THE ATONEMENT AND CHRIST’S DEITY
“The church of God, which He hath purchased with His own blood.” – [Acts 20:28]
Atonement for sin stands or falls with the Deity of Christ. If we deny his Deity, we must deny the atonement, for what value or merit can there be in the blood of a mere man that God, for its sake, should pardon millions of sins? This the Socinians clearly see, and therefore deny the atonement altogether. But if there be no atonement, no sacrifice, no propitiation for sin, where can we look for pardon and peace? Whichever way we turn our eyes there is despair, and we might well take up the language of the fallen angel:
Me miserable! which way shall I fly
Infinite wrath, and infinite despair?
Which way I fly is hell; myself am hell;
And, in the lowest deep, a lower deep
Still threatening to devour me opens wide,
To which the hell I suffer seems a heaven.”
But when by the eye of faith we see the Son of God obeying the law, rendering, by doing and dying, acting and suffering, a satisfaction to the violated justice of the Most High and offering a sacrifice for sin, then we see such a glory and such a value breathing through every thought, word, and action of his suffering humanity, that we embrace him and all that He is and has, with every desire and affection of our regenerated soul.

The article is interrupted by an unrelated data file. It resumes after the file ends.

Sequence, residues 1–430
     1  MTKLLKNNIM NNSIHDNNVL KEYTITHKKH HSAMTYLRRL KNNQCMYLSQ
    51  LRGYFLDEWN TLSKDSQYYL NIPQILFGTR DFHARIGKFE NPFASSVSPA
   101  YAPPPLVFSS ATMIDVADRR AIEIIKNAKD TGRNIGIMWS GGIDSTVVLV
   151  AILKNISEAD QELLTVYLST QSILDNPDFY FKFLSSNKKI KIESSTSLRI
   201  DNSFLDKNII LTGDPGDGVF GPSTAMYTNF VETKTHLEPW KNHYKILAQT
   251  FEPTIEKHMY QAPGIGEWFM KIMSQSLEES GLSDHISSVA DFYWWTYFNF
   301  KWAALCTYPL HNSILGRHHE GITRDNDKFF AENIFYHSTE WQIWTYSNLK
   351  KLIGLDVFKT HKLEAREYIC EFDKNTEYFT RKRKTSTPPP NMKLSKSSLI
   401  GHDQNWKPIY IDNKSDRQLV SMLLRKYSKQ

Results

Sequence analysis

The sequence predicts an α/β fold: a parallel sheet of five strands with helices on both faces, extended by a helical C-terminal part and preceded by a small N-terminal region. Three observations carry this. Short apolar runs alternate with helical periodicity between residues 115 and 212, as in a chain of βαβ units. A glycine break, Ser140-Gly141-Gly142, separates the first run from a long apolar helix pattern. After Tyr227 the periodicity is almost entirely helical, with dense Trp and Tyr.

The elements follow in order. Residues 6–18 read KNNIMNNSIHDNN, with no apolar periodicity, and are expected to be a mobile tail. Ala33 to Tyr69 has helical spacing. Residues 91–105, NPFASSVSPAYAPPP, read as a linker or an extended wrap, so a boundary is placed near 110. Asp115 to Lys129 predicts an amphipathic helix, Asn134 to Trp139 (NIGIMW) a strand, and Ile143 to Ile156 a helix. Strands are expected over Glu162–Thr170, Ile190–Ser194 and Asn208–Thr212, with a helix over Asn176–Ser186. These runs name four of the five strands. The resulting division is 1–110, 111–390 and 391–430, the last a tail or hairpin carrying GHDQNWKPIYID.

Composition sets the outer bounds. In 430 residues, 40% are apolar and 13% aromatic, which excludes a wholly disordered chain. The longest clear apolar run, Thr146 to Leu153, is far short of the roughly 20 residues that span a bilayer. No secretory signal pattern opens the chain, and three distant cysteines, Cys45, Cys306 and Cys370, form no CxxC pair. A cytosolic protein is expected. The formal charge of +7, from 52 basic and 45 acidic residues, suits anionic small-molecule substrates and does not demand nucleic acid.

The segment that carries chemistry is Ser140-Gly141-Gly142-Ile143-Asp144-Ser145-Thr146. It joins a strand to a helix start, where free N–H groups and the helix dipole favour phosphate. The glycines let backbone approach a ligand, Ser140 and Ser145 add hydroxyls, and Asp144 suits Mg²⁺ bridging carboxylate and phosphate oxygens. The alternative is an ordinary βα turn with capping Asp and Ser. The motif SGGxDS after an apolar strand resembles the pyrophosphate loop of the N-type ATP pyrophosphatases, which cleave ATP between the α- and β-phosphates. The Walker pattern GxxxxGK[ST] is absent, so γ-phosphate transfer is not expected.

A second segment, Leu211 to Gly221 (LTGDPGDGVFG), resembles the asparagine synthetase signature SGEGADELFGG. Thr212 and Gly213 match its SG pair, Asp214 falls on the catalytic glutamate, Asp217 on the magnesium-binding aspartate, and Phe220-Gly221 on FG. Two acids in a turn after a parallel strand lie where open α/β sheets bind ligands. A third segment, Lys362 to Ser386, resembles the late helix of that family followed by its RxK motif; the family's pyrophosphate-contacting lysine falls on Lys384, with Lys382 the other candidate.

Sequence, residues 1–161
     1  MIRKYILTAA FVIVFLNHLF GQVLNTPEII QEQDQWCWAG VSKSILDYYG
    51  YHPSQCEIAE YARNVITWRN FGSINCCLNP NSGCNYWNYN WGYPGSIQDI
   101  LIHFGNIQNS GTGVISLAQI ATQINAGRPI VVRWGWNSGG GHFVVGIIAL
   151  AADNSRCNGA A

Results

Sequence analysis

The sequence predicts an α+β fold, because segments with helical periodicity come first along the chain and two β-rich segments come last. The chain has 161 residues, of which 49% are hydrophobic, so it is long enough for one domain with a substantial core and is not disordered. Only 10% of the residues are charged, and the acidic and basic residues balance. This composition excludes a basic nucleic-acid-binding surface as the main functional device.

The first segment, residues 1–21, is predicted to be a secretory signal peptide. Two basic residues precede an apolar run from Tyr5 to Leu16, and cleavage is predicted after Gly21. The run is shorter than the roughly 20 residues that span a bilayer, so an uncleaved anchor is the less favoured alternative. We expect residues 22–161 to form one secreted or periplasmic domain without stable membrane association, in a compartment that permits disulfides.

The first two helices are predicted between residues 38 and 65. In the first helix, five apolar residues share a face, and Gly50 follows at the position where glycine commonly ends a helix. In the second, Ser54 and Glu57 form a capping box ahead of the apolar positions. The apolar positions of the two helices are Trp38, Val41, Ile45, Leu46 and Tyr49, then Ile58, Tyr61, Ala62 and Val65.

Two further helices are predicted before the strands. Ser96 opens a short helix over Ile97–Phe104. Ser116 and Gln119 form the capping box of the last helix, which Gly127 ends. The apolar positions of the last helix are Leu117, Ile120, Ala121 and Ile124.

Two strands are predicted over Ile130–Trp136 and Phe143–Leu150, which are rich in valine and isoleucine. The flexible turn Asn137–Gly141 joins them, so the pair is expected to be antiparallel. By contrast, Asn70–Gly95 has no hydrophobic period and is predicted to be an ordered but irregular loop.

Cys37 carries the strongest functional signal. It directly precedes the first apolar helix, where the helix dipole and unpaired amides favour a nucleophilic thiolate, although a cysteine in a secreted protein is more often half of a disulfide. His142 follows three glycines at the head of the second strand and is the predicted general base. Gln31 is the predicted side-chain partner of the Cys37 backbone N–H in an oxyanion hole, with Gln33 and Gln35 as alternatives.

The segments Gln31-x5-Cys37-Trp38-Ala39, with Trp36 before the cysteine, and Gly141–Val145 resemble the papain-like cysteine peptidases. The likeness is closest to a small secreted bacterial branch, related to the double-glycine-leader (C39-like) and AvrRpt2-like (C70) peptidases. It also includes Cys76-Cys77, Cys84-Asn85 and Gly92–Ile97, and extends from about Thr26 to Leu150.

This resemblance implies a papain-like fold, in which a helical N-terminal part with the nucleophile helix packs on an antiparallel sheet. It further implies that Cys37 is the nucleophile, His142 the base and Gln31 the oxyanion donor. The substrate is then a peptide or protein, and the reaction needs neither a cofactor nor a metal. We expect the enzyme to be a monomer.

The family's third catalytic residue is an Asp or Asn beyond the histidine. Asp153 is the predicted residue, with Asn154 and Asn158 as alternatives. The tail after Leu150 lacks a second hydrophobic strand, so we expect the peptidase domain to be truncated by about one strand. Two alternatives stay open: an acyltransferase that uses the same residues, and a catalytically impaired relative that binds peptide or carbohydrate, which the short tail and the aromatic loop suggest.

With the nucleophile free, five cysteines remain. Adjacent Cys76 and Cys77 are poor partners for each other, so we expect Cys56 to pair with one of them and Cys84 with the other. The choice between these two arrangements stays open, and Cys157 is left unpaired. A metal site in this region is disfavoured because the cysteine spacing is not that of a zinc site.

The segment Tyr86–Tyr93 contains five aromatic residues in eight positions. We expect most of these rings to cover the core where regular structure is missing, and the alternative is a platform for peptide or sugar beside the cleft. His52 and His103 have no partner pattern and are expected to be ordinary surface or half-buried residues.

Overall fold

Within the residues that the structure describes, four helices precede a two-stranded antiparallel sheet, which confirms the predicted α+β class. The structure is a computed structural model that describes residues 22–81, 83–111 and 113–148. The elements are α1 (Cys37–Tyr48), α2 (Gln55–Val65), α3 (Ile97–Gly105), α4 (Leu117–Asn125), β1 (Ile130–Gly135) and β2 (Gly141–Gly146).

All our religion lies here; all our faith, hope, and love flow unto, and are, as it were, fixed and concentrated in Jesus Christ, and him crucified; and without a measure of this in our heart and conscience, we have no religion worth the name, nothing that either saves or sanctifies, nothing that delivers from the guilt, filth, love, power, and practice of sin, nothing that supports in life, comforts in death, or fits for eternity.
The way, then, whereby we come to a knowledge of, and a faith in, the Deity of Christ is first by feeling a need of all that He is as a Saviour, and a Great One, and then having a manifestation of Him by the blessed Spirit to our soul. When He is thus revealed and brought near, we see, by the eye of faith, His pure and perfect humanity and His eternal Deity; and these two distinct natures we see combined, but not intermingled, in one glorious Person, Immanuel, God with us.
Till thus favoured we may see the Deity of Christ in the Scriptures, and have so far a belief in it, but we have not that personal appropriating faith whereby, with Thomas, we can say, “My Lord and my God.”